Stricken dumb with awe, the little ones watched as a giant man carved out of wood, weather-beaten with age, and bound about with ropes, was lowered to the ground. The huge image was carrying a sheaf of wheat over one arm, and in his other hand he held a sickle. He was dressed in knee-breeches, and a shirt open at the neck, and on his head was a very queer, old-fashioned flat-topped hat.” The children were impatient to learn the story behind this odd statue that their mother called a figurehead.
“Well,” their father began, “your mother was right in her guess – it is the figurehead of the ship Albany in which I went to California in ’49. The old square-rigger must have gone to pieces years ago, and, as is the custom when they break up old ships, the parts were sold for junk. This figurehead–a very fine one–I found by chance in a junk shop on South Street in New York.”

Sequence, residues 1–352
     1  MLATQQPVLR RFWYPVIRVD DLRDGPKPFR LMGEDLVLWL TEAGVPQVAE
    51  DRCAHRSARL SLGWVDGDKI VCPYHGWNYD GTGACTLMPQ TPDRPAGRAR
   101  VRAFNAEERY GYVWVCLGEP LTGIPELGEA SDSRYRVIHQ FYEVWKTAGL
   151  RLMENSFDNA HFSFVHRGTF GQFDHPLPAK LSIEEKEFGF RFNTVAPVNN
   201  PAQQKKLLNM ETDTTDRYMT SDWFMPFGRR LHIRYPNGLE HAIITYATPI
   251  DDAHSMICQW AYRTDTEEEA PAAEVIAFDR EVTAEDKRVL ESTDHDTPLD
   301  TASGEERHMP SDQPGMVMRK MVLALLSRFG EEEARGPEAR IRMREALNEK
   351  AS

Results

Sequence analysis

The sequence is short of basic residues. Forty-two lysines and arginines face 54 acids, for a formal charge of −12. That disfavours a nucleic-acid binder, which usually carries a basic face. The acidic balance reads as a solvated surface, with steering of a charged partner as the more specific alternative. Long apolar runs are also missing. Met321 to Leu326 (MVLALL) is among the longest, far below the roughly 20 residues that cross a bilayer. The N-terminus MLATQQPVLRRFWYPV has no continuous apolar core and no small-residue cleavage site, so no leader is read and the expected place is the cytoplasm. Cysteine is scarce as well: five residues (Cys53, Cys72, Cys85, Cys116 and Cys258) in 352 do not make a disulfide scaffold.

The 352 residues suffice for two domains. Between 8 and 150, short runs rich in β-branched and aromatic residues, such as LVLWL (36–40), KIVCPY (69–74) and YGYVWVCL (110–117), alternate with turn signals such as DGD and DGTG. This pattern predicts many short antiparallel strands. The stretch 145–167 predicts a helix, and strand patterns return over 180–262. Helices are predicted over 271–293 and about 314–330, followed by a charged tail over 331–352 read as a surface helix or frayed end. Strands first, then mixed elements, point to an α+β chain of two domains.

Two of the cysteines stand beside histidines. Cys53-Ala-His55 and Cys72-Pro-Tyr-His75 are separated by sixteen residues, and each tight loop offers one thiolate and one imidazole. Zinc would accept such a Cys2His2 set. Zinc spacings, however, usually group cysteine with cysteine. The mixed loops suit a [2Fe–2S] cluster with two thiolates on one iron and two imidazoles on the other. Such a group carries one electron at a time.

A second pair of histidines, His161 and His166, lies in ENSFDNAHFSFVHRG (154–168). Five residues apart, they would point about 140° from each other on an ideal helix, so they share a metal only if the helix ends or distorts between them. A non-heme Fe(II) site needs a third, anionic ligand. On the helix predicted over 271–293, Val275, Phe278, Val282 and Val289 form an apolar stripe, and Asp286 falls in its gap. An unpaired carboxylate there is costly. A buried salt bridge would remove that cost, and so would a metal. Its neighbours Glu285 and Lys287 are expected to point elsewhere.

“I don’t see,” Mollie broke in, “why the ship was named Albany when the figure on the bow was a man reaping?”
“Good,” said Father; “very intelligent of you to notice that, Daughter. The name of the vessel had been the Reaper, and under that name she had sailed all over the world. She had been a whaler when Yankee ships were the great whale-hunters of the seas, and then a cargo-carrier to Oriental ports. True to her name, she had reaped harvests of profits to her owners all over the world, and when she was getting old, the gold fever came, and they fitted her up to go round the Horn with a shipful of young gold-hunters from New York State, and out of compliment to them, they changed her name to Albany….”
A.E.P. Searing mentioned two other distinguished shipmates of her father’s on that vessel: Henry Meiggs of Catskill, who later perpetrated a famous fraud on the residents of San Francisco and skipped town, though he later won fame as a railroad builder in the Andes; and George Steers, with whom her father had worked in the New York and Brooklyn shipyards and who would go on to design the famous yacht America, for which the racing cup is still named.